Picture a room, in which, gathered around a table, sit the leaders of some of the Jewish world’s most vital humanitarian organizations: JDC, of course, but also AJWS, HIAS, IsraAid, AJC, and World Jewish Relief, just to name a few. They are in this room as members of the Jewish Coalition for Disaster Relief (JCDR), and it’s clear why: They’re experts, the boots on the ground when disaster strikes, often within the first 24 hours.
Consider: COVID-19 has wreaked havoc in developed nations; now imagine being crammed into a refugee camp with no phones, little medical aid, and a looming monsoon season.
The JCDR brings together the experience, expertise, and resources of Jewish organizations across North America and the world that seek to assist victims of natural or man-made disasters all over the world.
This room is not a room at all, but a virtual space, because the inspiring group is gathered to tackle the coronavirus pandemic. The question up for discussion: Is the Coalition the right group to respond to the pandemic? In a truly global disaster, what difference can we make? Will North American Jews be willing to support an international operation when so many at home have found themselves in dire straits?
Amidst these debating experts, you will find an incongruous figure: me, a rabbi.
The JCDR has gathered coalitions in response to many of recent history’s most urgent disasters: the Rohingya and Syrian refugee crises, food insecurity in East Africa, the 2010 Earthquake in Haiti, to name just a handful. But it’s never faced anything quite like COVID-19. The scale is almost unimaginable, and it exacerbates every existing crisis the JCDR been working to address.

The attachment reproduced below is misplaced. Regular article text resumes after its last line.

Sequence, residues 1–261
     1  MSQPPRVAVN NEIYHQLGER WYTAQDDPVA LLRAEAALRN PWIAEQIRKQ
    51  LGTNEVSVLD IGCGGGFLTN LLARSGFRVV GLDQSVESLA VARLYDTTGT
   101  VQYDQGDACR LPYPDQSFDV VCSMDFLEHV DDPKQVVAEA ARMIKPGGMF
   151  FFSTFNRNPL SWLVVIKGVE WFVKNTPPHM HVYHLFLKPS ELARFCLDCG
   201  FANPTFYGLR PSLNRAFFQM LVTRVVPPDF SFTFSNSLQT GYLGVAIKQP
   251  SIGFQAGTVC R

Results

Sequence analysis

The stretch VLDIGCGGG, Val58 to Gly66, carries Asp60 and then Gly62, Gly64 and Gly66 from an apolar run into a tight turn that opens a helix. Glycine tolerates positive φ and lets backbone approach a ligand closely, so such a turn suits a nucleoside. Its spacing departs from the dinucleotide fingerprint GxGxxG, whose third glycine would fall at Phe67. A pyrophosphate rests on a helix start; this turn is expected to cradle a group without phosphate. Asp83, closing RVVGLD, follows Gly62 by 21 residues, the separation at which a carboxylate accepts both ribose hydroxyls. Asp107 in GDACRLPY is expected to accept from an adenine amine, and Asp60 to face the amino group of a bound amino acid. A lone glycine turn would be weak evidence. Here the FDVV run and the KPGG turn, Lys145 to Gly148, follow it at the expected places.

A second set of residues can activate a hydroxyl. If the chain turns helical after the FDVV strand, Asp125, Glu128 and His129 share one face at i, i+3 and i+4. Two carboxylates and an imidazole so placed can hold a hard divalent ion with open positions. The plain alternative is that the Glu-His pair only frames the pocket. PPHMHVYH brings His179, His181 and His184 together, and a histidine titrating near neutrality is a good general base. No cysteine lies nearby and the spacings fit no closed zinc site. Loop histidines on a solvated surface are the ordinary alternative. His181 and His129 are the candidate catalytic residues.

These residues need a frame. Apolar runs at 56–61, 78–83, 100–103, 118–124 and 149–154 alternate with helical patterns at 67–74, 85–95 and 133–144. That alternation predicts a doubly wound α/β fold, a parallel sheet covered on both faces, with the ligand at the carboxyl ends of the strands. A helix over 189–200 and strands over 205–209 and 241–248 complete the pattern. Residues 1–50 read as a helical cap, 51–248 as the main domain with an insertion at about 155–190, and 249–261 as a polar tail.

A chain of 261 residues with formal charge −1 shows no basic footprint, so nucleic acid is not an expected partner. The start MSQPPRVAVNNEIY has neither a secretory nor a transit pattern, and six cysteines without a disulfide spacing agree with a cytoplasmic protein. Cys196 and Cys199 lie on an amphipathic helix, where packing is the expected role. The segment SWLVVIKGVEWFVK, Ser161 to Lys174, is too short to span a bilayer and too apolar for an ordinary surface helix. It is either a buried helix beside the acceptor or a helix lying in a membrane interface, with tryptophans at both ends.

You might wonder how I’ve ended up in this “room where it happens” — I know I’ve been asking myself that question since I first joined the JCDR.
I’ve been the staff person for the Rabbinical Assembly (RA) for social justice programs for about five years. previously I was a congregational rabbi, but I was always involved in a social justice work; it’s always been important to me. So when the RA needed a representative on the JCDR I was glad to help. We became aware of the JCDR because of the Syrian refugees crisis, when there were terrible tragedies of bodies washing up, on the shores in Lesbos, in particular. I was so moved by the first meetings I attended, listening to representatives from so many amazing organizations talking about the work that they were doing and the enormity of the need. I was in.
Over the years, I’ve come to fully appreciate the value of this coalition JDC has convened. The JCDR brings together the experience, expertise, and resources of Jewish organizations across North America and the world that seek to assist victims of natural or man-made disasters all over the world. Because it is a coalition, JCDR empowers all its member agencies to coordinate our activities, use funds efficiently, better educate our constituencies and the general public about current disaster situations and the Jewish response.